If only I’d read this medical writer career description when I was a student, studying journalism at university. It’s highly likely I’d have been inspired to forge my medical writing career immediately.
Shmoop, a website I’d never heard of until recently, has a detailed overview of what the medical writing career entails.
While I don’t agree with everything (I disagree that there’s not much poetic license in medical writing – there is more to the profession than regulatory and marketing-style writing) I really enjoyed reading this – and I think you will, too!
Here’s the teaser, to get you in the mood:
You’re an explorer in a jungle, bushwhacking through clinging vines and swarms of ravenous insects. Exhausted, you and your expedition crew reach a clearing, and yikes, you hear the click of rifles. Uh-oh. You’ve stumbled onto the locals, and they’re armed and scowling. All of you start jabbering. They’re unintelligible. You’re terrified. But your crew’s trusty translator pipes up and starts talking as if your lives depend on it.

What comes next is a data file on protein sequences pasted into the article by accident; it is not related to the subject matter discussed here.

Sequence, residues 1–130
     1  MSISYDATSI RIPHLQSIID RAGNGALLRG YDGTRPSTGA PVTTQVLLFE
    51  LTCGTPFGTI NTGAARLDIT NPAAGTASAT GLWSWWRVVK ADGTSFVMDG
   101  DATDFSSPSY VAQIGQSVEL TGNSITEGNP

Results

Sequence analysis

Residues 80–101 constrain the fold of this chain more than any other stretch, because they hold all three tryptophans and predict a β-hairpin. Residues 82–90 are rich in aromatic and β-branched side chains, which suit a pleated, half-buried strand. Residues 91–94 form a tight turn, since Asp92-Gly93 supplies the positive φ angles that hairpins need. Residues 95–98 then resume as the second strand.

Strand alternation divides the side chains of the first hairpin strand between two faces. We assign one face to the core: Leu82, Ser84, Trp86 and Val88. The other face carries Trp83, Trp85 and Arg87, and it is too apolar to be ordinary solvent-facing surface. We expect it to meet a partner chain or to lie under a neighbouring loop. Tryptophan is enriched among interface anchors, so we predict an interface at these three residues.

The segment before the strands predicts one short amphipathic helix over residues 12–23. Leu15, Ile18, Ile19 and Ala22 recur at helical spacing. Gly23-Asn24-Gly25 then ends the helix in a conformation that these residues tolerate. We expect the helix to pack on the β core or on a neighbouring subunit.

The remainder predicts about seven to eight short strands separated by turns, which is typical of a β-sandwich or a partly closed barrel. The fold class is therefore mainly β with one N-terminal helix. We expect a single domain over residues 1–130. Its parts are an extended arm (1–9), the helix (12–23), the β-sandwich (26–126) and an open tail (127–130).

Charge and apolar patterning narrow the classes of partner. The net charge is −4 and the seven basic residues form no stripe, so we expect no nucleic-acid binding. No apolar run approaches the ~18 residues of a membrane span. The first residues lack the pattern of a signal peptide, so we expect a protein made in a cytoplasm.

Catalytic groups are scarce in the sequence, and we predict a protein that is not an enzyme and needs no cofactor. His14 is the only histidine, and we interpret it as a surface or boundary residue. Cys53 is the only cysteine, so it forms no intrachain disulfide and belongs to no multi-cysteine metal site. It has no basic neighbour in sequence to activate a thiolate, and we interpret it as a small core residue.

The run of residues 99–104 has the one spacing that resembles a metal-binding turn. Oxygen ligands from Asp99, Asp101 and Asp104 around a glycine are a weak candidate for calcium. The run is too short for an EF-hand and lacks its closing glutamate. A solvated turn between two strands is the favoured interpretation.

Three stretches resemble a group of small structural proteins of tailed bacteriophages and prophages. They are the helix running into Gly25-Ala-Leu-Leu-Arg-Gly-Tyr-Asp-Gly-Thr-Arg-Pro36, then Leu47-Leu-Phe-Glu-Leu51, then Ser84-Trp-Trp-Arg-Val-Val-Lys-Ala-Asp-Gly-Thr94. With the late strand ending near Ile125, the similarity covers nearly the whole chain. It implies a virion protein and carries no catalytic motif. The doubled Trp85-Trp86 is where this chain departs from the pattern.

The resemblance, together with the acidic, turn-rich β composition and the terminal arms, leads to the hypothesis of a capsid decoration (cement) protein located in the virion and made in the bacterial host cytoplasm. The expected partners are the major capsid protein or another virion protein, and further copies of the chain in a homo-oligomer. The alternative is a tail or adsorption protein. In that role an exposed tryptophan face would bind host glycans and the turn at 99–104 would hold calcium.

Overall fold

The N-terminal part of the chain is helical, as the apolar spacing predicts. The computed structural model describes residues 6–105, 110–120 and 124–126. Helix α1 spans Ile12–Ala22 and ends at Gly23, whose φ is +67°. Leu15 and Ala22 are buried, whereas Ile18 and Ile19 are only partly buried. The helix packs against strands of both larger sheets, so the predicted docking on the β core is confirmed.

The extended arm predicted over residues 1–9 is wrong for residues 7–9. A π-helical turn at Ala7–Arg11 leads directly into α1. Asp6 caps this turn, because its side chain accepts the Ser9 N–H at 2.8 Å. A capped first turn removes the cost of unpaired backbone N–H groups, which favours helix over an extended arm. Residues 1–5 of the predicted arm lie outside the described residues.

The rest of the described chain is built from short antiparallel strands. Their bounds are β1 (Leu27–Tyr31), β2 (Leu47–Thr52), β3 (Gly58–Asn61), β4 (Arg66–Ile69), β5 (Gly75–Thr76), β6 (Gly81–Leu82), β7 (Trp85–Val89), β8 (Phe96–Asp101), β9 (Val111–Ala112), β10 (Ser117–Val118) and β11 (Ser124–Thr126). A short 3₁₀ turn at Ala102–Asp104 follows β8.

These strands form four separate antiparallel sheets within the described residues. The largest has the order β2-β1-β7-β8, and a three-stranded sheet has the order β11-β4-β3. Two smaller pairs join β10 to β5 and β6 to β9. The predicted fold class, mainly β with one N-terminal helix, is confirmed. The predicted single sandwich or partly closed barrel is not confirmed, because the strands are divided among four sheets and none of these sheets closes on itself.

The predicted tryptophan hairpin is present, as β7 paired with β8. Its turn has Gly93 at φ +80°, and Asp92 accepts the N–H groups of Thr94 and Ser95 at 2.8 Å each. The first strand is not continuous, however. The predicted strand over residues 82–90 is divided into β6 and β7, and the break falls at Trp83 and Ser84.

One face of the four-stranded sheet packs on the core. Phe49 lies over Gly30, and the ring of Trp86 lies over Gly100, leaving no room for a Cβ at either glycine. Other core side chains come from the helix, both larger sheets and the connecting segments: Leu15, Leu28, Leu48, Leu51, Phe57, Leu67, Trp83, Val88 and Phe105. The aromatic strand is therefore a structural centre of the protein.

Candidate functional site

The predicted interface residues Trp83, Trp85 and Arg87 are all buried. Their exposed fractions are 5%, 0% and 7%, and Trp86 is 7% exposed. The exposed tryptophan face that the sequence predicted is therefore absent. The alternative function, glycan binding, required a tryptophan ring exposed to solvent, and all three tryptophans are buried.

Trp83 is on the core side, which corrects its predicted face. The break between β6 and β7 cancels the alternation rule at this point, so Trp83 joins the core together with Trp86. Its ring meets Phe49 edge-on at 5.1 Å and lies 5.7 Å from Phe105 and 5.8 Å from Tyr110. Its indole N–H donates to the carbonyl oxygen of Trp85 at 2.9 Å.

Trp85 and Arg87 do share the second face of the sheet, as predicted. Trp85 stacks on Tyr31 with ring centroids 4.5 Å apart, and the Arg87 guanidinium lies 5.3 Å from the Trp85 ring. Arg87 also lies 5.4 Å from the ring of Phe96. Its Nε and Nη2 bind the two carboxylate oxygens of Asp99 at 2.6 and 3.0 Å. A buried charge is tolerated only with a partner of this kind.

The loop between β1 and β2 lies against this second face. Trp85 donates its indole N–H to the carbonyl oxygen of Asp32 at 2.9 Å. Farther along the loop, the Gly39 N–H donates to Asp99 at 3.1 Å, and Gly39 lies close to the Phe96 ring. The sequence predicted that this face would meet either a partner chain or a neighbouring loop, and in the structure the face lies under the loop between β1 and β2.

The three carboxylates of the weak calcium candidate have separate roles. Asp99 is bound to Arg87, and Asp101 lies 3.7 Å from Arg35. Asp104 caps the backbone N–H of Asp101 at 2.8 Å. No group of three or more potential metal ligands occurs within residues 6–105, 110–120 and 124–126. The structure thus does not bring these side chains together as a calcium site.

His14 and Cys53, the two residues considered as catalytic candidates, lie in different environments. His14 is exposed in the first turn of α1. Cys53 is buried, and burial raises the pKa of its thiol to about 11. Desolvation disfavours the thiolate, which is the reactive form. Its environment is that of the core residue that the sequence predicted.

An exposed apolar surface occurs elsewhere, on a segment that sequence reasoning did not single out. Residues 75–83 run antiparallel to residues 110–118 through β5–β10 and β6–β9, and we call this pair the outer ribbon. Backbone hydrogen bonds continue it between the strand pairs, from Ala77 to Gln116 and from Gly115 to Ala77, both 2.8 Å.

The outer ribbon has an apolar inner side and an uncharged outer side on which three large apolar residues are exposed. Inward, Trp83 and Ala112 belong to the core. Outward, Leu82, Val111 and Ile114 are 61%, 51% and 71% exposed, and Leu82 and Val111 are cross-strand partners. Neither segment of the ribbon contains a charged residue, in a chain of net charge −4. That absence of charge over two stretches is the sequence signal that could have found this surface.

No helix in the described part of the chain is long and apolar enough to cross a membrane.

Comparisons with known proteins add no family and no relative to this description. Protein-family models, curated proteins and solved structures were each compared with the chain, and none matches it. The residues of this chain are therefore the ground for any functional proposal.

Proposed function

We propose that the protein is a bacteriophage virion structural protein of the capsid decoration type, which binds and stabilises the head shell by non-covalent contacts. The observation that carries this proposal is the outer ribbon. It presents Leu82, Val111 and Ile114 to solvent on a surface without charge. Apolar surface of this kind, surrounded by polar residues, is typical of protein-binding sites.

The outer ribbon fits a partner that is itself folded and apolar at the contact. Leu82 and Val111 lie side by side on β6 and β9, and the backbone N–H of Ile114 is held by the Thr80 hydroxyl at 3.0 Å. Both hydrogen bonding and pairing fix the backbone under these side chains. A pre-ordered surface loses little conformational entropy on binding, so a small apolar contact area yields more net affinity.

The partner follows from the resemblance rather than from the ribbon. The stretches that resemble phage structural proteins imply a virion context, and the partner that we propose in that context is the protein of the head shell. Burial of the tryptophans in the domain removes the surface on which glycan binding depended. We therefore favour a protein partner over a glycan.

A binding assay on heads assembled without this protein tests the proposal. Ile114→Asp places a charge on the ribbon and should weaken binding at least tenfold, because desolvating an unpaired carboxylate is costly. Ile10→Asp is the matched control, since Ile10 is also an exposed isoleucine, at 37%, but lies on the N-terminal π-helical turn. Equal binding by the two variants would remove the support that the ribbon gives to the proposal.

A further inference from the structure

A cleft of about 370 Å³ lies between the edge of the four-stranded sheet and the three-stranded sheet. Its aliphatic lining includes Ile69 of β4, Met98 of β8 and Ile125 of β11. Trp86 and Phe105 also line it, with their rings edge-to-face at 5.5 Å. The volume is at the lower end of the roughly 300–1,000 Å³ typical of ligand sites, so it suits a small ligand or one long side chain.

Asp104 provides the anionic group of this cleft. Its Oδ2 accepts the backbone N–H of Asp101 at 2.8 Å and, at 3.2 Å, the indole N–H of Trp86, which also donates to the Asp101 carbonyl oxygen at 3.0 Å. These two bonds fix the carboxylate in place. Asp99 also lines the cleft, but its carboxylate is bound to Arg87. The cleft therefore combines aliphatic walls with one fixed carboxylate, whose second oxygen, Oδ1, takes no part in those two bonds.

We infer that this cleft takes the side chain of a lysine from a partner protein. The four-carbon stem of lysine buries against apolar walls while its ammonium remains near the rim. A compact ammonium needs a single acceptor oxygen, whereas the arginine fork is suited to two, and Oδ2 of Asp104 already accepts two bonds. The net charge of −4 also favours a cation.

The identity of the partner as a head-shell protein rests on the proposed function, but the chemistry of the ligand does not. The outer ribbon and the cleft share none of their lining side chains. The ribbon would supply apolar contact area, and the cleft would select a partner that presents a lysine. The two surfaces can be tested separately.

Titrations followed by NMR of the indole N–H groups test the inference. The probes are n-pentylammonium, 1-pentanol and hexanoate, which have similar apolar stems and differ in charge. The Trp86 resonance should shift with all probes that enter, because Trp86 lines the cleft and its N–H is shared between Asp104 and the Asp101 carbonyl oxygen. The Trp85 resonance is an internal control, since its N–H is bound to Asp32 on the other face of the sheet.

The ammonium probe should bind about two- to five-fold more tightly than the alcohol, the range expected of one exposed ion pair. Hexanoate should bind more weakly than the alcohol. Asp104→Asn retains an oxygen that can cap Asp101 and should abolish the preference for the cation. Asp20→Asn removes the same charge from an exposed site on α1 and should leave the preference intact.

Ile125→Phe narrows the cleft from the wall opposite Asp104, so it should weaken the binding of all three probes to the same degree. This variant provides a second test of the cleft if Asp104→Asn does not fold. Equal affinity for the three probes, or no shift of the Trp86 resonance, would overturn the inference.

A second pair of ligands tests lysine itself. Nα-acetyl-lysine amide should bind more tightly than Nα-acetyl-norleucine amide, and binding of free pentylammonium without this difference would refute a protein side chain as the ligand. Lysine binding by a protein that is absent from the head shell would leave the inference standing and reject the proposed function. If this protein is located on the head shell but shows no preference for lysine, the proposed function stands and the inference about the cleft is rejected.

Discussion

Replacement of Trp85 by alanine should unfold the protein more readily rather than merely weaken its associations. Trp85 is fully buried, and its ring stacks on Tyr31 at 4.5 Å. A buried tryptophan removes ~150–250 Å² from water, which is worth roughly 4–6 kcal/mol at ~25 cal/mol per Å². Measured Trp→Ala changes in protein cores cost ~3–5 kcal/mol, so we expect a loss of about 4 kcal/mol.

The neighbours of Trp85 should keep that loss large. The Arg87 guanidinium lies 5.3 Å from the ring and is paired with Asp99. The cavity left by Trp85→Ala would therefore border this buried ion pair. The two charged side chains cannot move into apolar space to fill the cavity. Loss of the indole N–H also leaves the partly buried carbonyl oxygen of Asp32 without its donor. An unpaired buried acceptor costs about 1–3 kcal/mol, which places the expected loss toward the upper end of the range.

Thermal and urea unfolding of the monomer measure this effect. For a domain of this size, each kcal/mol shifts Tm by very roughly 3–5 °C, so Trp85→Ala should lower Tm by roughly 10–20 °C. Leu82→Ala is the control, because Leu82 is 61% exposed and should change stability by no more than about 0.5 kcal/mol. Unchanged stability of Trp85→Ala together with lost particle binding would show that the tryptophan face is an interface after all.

A medical writer is kind of like our tropical friend, translating from one language to the other, but without the rumble-in-the-jungle drama and the insect bites. The medical writer translates scientific data into real-people talk (aka “the vernacular”) because, face it, laypeople, like the general public and many health professionals, need help.
Medical writer career resources
Thinking about a medical writer career? Here are some additional resources to help you out as you navigate your journey:
- Medical writer associations – there are plenty of local and national associations, like the American Medical Writers Association, that have great networking options and face-to-face meetups
- LinkedIn groups – search for medical writing groups on LinkedIn – here are many active groups with thousands of members
- Writing courses – there are generic writing courses and specific medical writing courses which may help you work out which type of medical writer you want to be
- Online networking groups – groups on Facebook and Google Plus often have writers who are ready to help you out with real-time responses
- Blogs and advice – browse the free advice on Health Writer Hub – we write about everything from where to find free journal articles to clinical trial design – and more!